Interior Colours of US Aircraft, 1941-45 (Part III)


This is the third and last part in the reference series about interior
finishes of US-produced
aircraft of the World War II era. Please refer to part
one
for general information on the development and the variety of
finishes used. Part two
covered interiour finishes of the US Army Air Corps / Air Force
aircraft. This part three is devoted to Navy aircraft
types. – Ed.

Back
to Interior Colours of US Aircraft, 1941-45
– Part I

Back
to Interior Colours of US Aircraft, 1941-45
– Part II


Mating a bomb to an SBD onboard USS Enterprise during the Guadalcanal
Invasion, August 1942. The usual Navy practice of painting the wheel
wells in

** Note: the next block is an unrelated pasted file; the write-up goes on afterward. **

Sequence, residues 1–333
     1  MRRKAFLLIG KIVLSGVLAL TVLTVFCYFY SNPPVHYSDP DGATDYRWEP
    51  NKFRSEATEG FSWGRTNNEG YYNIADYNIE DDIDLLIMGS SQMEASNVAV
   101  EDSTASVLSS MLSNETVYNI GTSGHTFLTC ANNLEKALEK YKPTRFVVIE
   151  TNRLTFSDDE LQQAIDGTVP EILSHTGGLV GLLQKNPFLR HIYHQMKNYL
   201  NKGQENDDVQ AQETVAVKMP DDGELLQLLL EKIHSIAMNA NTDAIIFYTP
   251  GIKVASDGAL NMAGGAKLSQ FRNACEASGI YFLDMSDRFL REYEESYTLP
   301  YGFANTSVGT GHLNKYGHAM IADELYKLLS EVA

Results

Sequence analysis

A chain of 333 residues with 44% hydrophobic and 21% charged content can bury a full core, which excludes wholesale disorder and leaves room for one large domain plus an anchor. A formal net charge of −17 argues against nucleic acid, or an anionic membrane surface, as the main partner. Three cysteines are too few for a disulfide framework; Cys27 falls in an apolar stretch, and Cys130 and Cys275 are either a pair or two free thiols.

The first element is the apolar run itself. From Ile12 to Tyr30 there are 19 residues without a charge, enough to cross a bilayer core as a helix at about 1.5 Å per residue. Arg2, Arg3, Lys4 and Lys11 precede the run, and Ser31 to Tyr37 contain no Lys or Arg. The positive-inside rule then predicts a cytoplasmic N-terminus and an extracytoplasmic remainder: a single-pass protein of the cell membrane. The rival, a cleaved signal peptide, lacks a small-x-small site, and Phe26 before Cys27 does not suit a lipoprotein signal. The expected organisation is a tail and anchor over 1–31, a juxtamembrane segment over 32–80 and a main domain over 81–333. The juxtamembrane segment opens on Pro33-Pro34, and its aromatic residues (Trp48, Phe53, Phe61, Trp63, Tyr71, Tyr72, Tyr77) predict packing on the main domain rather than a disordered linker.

the same colour as the underside of the airplane is well evident on this
picture. What is really interesting about this photo is the
undercarriage itself, the left and right legs being painted in two very different colours. The starboard (dark) one is
apparently a spare.

US Navy interior colours

In the first (Interior Colours of US Aircraft, 1941-45
– Part I
) and second (Interior Colours of US Aircraft, 1941-45
– Part II
) parts of this feature we have discussed the protective
finishes used in US aircraft production of the immediate pre-war and
World War II period, and the evolution of colour shades and
specifications used in that production. 

In this installment we will go more specifically into interiour
finishes of selected US Navy aircraft, using a few  popular
aircraft types as examples.

Please note tha most of the quoted colour names (such as Grumman
Grey
or Salmon) have been described in the
first part of the
series.

General

In the immediate pre-war period, many Navy aircraft, e.g. F2A, F4F,
SBD, TBD show silver cockpits in photos, most probably Aluminium